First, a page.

South Australian Richard Bowyer Smith developed the first Stump Jump Plough in 1876 and took out a patent the following year. The plough made it possible to till the soil in Mallee scrublands without grubbing out the stumps. The technology was not, at first, well accepted and he allowed his patent to lapse, whereupon other manufacturers began to capitalise on the idea. Smith was formally recognised as the plough’s inventor in 1882, receiving a bonus payment from the Parliament and a government land grant.
In the 1860s there was a push to expand wheat growing into the Mallee country of South Australia and Victoria. Before crops could be planted, the land had to be cleared of Mallee scrub – a small species of eucalyptus with large stumps at or below the ground. The South Australian government offered cheap land – by 1867 the rental had dropped to a penny an acre – but the difficulty of clearing the scrub led to a very low take-up by farmers.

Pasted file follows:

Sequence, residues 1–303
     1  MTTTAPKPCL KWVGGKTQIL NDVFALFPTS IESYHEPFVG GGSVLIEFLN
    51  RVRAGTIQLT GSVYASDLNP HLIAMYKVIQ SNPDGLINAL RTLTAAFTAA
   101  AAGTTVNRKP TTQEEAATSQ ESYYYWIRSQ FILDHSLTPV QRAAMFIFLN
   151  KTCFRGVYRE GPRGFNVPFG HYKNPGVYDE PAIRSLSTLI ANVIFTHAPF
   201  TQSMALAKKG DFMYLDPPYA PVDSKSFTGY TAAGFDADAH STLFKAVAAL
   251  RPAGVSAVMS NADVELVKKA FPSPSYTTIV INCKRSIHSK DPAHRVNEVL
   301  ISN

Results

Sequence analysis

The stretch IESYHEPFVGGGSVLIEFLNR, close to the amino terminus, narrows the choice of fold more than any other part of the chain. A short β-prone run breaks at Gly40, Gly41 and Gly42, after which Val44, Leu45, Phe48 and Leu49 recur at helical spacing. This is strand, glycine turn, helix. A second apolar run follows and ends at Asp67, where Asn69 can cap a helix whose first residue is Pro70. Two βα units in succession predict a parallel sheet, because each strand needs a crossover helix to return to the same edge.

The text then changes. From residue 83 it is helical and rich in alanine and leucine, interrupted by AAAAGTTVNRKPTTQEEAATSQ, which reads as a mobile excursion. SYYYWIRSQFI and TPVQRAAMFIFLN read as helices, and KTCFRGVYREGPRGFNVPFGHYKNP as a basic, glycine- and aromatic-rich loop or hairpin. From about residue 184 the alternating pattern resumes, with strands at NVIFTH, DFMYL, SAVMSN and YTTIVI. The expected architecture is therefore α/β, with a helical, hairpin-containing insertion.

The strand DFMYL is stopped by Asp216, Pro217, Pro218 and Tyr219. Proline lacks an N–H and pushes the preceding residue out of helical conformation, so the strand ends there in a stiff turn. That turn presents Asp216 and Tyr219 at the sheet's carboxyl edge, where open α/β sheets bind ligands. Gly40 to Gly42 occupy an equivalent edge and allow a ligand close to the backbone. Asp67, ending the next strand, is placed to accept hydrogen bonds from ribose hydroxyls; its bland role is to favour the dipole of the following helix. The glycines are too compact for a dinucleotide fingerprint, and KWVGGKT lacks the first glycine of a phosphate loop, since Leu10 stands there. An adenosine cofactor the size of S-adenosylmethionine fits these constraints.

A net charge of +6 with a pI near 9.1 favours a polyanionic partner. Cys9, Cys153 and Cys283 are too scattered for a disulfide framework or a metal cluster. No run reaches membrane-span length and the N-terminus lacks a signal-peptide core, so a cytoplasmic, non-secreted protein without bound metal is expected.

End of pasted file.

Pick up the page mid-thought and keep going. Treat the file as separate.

Another South Australian, Charles Mullins, is credited with the invention of a device that, when dragged behind a bullock, knocked down the shrubby growth. It was left to dry and then burnt. However, stumps remained in the ground and caused problems when ploughing. Grubbing the stumps was a time-consuming and back-breaking exercise.
The stump jump plough was developed by Richard Smith in response to difficulties he had in ploughing his land at Kalkabury in South Australia’s Mallee country. His plough was exhibited at the Moonta show in 1877 and won first prize. Later perfected by Richard’s brother Clarence, the machine had levers that allowed the plough blades to rise out of the ground when they hit an obstacle.
Initially, the plough was ridiculed. Farmers jeered at the idea of planting wheat while leaving stumps in the ground. Richard and his family endured lean years while the Smiths put their efforts into perfecting and promoting the machine. Meanwhile, Charles Branson, a farmer, of Stockport, and James Winchester Stott an Alma blacksmith, claimed to have invented the “first practical stump jump plough”. There were other claimants, but Smith was eventually accepted as having designed the first machine of its kind.
Although Clarence was reportedly among its early detractors, he began manufacturing the stump jump plough commercially in 1880 and the Smith family company continued to produce them until the 1930s. However, the Great Depression badly affected the business and the company was eventually closed down.